Members of Congress have pumped thousands of hands, eaten scores of hot dogs and watermelon at hundreds of picnics, and paraded down Main Streets across America in Fourth of July festivities. Today, they leave all that to return to Washington and confront the prospect of a steamy summer's worth of high-intensity politicking on Capitol Hill.
During the next five weeks, lawmakers will pick their way through the budget and tax mine fields. They may also handle an assortment of other political explosives, such as a mammoth bill aimed at reducing the nation's trade deficit, as well as the nomination of Judge Robert H. Bork to the US Supreme Court.
The resulting political temperatures inside the House and Senate chambers could rival the asphalt-buckling climate outside. Though the presidential election is 18 months away, the preliminary jockeying among the candidates and between the parties is the backdrop against which Congress is laboring.
The Democratic majority has asserted itself against President Reagan, eager to establish a legislative track record that will help catapult a Democrat into the White House. Republicans, on the defensive as never before during the Reagan era, are determined to derail the Democratic agenda and have mustered the cohesiveness to thwart a few important Democratic initiatives.
Ronald Reagan, for his part, seems determined not to go quietly into the night. His clout has been diminished as his party looks for a successor, his prestige damaged by the Iran-contra affair. But President Reagan has come back swinging, taking to the road to champion the conservative causes he has espoused throughout his political career and to drum up public support for budget-related items Congress has repeatedly rejected, such as a balanced-budget amendment.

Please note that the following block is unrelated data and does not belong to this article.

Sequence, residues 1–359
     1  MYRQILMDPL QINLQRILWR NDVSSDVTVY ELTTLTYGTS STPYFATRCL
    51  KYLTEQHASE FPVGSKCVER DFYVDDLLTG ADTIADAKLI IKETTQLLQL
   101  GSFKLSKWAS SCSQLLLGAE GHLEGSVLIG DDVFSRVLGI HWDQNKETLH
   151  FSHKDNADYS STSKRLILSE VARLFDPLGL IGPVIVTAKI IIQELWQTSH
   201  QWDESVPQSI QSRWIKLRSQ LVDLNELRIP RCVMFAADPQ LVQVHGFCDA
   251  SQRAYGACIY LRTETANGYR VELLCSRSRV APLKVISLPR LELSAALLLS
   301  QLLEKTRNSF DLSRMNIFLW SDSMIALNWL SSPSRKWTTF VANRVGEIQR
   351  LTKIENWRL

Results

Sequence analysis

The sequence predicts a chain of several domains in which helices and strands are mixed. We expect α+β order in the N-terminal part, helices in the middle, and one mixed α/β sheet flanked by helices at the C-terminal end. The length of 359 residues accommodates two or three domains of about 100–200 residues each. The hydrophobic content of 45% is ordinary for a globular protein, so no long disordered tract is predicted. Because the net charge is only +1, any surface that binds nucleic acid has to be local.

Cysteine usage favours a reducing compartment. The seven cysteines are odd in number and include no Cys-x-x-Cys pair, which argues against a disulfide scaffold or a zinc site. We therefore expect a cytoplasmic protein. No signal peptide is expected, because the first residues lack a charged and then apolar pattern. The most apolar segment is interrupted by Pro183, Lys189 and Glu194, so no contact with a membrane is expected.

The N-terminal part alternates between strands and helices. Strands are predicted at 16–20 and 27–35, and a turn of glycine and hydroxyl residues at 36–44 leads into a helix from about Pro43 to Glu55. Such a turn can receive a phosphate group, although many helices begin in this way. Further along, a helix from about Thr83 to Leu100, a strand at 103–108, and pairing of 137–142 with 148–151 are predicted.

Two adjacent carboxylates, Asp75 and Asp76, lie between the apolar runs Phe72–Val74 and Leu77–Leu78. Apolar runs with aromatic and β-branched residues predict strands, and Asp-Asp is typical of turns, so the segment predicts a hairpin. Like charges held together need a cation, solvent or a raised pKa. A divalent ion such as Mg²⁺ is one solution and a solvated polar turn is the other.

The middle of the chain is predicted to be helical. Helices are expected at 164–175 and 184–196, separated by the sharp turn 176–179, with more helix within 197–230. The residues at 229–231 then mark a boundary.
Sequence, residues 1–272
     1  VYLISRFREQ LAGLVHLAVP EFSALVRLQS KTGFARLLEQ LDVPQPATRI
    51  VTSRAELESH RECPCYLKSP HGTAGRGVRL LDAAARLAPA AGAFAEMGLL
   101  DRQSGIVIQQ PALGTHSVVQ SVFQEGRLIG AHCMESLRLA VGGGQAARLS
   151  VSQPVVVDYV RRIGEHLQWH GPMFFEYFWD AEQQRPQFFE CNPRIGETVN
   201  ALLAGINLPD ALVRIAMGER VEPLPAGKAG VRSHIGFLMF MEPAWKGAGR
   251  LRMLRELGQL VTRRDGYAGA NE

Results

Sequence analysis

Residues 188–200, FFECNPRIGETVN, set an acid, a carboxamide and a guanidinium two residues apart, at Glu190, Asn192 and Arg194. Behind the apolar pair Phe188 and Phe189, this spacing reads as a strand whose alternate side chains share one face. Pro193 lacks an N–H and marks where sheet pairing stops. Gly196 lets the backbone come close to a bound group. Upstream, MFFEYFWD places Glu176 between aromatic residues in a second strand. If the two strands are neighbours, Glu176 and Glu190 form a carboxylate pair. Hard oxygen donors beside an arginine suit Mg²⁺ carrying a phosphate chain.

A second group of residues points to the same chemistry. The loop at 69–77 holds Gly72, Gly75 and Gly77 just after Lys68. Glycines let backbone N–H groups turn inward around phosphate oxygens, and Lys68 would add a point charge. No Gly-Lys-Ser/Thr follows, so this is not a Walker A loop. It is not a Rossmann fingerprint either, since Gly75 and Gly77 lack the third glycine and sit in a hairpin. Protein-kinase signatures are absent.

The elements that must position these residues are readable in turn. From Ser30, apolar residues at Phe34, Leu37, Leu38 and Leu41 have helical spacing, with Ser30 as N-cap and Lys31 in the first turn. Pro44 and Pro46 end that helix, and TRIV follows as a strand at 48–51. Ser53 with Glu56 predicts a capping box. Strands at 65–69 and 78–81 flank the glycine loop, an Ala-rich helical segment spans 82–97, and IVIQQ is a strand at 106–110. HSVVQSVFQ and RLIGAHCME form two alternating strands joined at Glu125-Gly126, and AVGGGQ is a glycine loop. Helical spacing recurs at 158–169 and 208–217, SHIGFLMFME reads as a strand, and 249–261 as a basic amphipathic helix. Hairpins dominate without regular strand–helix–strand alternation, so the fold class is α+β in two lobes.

Indeed, this month's great struggle is almost certain to occur over the perennially volatile budget and tax issues. Congress settled on a budget blueprint for fiscal 1988 that calls for $19.3 billion in new taxes, although Mr. Reagan has expressed unyielding opposition to any form of a tax increase. The Democrats passed the budget with virtually no Republican support, and they cannot count on much Republican help as they attempt to implement the $1 trillion plan.
The hostage in this duel of wills is the annual federal budget deficit, which currently exceeds $170 billion and which the Democratic budget would reduce to about $135 billion in the next fiscal year, beginning Oct. 1. The budget plan relies heavily on tax increases, without which next year's deficit would exceed $150 billion.
Democrats are concerned that a deficit of that size might fuel an election-year perception that they are not serious about deficit reduction. At the same time they are wary of being branded as ``tax-and-spend Democrats,'' particularly if President Reagan's antitax rhetoric wins over public opinion.
So they are searching for a tax-increase formula - raising excise taxes on cigarettes and liquor, for example - that will generate public support and pressure the President into signing a tax-raising bill. If that fails, some Democrats contemplate trying to score what political points they can, while they can - for example, by sending the President a bill that would raise income taxes for the very wealthy, something he is sure to veto.
Similarly, key Democrats are supporting a strategy designed to present the President with an unattractive alternative to a tax increase. House and Senate Democrats are trying to design some sort of constitutionally acceptable replacement for the Gramm-Rudman act's automatic budget-cutting mechanism, which was struck down last year by the Supreme Court. Then, if Reagan refused to sign a tax bill, the resulting deficit would trigger automatic spending cuts in military as well as domestic spending.
The strategy promises to put the President in an awkward position. Faced with the prospect of drastic reductions in defense spending, Democrats believe Reagan will either sign the tax bill or override the Gramm-Rudman mechanism, thus embarrassing himself.
Then again, Democrats have learned to be wary of Reagan's political skills. The Gramm-Rudman legislation is likely to be attached to a bill raising the federal debt ceiling which must be passed this month. But the resolution of the matter will not occur until after a three-week recess in August, when Congress will throw together a massive spending bill to keep the federal government in business during the next fiscal year.